What’s in a name? Why celebrity chefs have come…and mostly gone

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Once upon a time, when the foodie revolution was fuelled by the Egon Ronay Guide, we got to know about famous restaurants – and by association – celebrated (rather than celebrity, which came later) chefs.

Back then, the chef went with the restaurant. Robert Carrier at Hintlesham Hall, Suffolk; Albert Roux at Le Gavroche and his brother Michel at the Waterside in Bray; Raymond Blanc at Le Manoir aux Quat’Saisons, near Oxford; Gary Rhodes winning a Michelin star at the Castle Hotel, Taunton and Marco Pierre White at Harvey’s, the Oak Room et al, winning three.

We got to know them a whole lot better when they started to appear on telly – though at the time Marco Pierre White was resistant – and suddenly, at the end of the 1990s, the cult of the celebrity chef was born.

It seemed that spreading one’s fame and repute by making guest appearances at the stoves of protégés and mates around the country – or even starring in TV cookery shows – was not enough for some of the new celebrity cooks and their ambitious financial backers. Their names became “brands” to be “rolled out” across the UK.

The success of such ventures over the past 20 years has been patchy – to put it mildly. Even my own very favourite celebrity chef of all time, Keith Floyd – who was always more successful on screen than as a restaurateur – hit the buffers.

His last restaurant venture – Floyd died in 2009 – was in a little village called Tuckenhay in a creek of the River Dart in Devon. He briefly took over the Maltster’s Arms – I remember it well because my parents lived not too far away – and the locals named it “Floyd’s Inn – sometimes”.

And thereby hangs the problem with appending a name famous for culinary greatness to run of the mill, corporate mediocrity.

I wrote the following the best part of 20 years ago, following the removal of Gary Rhodes’ name from a hotel restaurant near Old Trafford and Steven Saunders’ from the restaurant at the Lowry Arts Centre:

“The theory, presumably, involves attracting customers by association, despite the fact that common sense told us that these celebrities couldn’t possibly be resident in all the places that sported their names. The common currency, therefore, became the so-called “signature dish” whereby Marco’s version of Omelette Arnold Bennett or Raymond’s double-baked Roquefort soufflé served as ghostly apparitions of their creators when the said creators were far away.

“It works just so long as the people trained to replicate their masters’ choice are up to the task. When they’re not, the letdown takes on an extra dimension. But what happens when a celebrity name that has hitherto provided a venue with its biggest selling point, disappears from the top of the bill?”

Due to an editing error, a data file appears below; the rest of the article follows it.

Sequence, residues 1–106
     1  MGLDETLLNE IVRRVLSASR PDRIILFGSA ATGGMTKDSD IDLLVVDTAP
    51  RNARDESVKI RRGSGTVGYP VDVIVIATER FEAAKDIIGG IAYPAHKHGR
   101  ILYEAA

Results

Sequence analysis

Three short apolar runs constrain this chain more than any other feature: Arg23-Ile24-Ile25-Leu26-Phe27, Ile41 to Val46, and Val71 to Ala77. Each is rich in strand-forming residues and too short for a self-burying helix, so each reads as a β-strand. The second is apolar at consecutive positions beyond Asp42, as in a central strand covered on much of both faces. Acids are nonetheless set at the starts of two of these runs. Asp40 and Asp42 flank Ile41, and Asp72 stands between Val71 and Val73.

The high water mark of celebrity chefs lending their names to Manchester restaurants was probably in the late 1990s. We had Rhodes and Saunders, Le Petit Blanc, which closed after a welter of bad reviews (though Raymond himself claimed Manchester wasn’t ready for his food!), and Nico Central at the Midland Hotel in the space now occupied by Mr Cooper’s. If the notoriously bad tempered Nico Ladenis made an appearance apart from the opening night, I’m not aware of it.

Paul Heathcote – really much too modest to embrace the term celebrity – won two Michelin stars at his restaurant in Longridge, Lancashire, and was persuaded to roll out his name into the Simply Heathcote’s brand which was successful for a time.

Then, as the new millennium dawned, Marco Pierre White’s initials went up on the MPW River Room Restaurant at the newly opened Lowry Hotel. It was a relatively short-lived collaboration, since when the one-time three Michelin star chef’s name has been associated with steak houses, burger restaurants, pizza parlours and stock cubes.

Some celebrity names remain, with varying degrees of success. Jamie Oliver’s King Street branch of the troubled national chain Jamie’s Italian is not one of those earmarked for closure, though 12 of the 37 outlets are to go.

But James Martin’s restaurant in the 235 Casino in Manchester’s Great Northern complex continues to be highly regarded, making the Sunday Times’ Top 100 Restaurants in 2015 and the much-travelled Yorkshire chef does make appearances there.

The latest celebrity arrival in the city centre marks the second coming of Marco Pierre White (though there’s a Marco’s New York Italian at Media City) as his latest brand, Mr White’s English Chop House is set to open in the Gay Village in April. Watch this space.

https://ilovemanchester.com/2018/03/28/chop-house-wars-150-years-of-manchester-history-versus-marco-pierre-white.aspx

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